The rights group's report "Torture Archipelago: Arbitrary Arrests, Torture and Enforced Disappearances in Syria's Underground Prisons since March 2011" is based on more than 200 interviews conducted since March 2011.
"The intelligence agencies are running an archipelago of torture centres scattered across the country," said Ole Solvang, HRW emergencies researcher. "By publishing their locations, describing the torture methods, and identifying those in charge we are putting those responsible on notice that they will have to answer for these horrific crimes."
Nearly all interviewees described a broad range of torture methods including prolonged beatings, holding detainees in painful stress positions, the use of electricity, burning with acid, sexual assault and humiliation, the pulling of fingernails and mock execution. Altogether HRW documented more than 20 distinct torture methods used by the security and intelligence services.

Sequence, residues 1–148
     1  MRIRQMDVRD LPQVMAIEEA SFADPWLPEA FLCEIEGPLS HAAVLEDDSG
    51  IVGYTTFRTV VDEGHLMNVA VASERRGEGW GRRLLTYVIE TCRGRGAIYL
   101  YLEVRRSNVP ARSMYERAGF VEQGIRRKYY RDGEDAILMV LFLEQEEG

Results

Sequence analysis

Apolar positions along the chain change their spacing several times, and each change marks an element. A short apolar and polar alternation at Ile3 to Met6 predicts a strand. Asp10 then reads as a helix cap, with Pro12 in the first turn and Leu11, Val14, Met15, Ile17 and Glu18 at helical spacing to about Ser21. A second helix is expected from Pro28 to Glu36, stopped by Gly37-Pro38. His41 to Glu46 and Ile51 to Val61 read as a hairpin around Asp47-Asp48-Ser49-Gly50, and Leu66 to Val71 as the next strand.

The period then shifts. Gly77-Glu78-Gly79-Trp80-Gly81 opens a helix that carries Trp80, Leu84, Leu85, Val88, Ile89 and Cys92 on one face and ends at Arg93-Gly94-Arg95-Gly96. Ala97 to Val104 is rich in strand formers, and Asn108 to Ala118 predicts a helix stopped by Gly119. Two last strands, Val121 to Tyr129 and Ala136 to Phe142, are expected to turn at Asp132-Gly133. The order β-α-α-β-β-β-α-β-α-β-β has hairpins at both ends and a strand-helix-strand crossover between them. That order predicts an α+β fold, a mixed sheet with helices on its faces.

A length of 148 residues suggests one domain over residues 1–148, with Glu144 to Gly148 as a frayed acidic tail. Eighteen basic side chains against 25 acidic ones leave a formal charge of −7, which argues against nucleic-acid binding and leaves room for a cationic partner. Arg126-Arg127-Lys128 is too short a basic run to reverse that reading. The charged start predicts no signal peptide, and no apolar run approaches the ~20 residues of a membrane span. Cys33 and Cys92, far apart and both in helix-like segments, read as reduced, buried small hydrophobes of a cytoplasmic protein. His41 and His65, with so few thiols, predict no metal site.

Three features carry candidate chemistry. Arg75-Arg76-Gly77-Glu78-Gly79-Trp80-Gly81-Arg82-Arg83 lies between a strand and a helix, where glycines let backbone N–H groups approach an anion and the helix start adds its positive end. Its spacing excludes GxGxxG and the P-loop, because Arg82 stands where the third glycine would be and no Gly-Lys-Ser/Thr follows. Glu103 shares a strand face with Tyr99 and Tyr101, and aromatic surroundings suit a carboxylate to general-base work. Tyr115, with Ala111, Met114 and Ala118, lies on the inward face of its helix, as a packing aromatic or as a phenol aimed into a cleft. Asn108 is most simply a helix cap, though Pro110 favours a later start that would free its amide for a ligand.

A 31-year-old detainee who was detained in Idlib governorate in June told HRW, "They forced me to undress. Then they started squeezing my fingers with pliers. They put staples in my fingers, chest and ears. I was only allowed to take them out if I spoke. The staples in the ears were the most painful. They used two wires hooked up to a car battery to give me electric shocks. They used electric stun-guns on my genitals twice. I thought I would never see my family again. They tortured me like this three times over three days."
HRW said that while most of the torture victims interviewed were young men between 18 and 35, the victims interviewed also included children, women, and the elderly.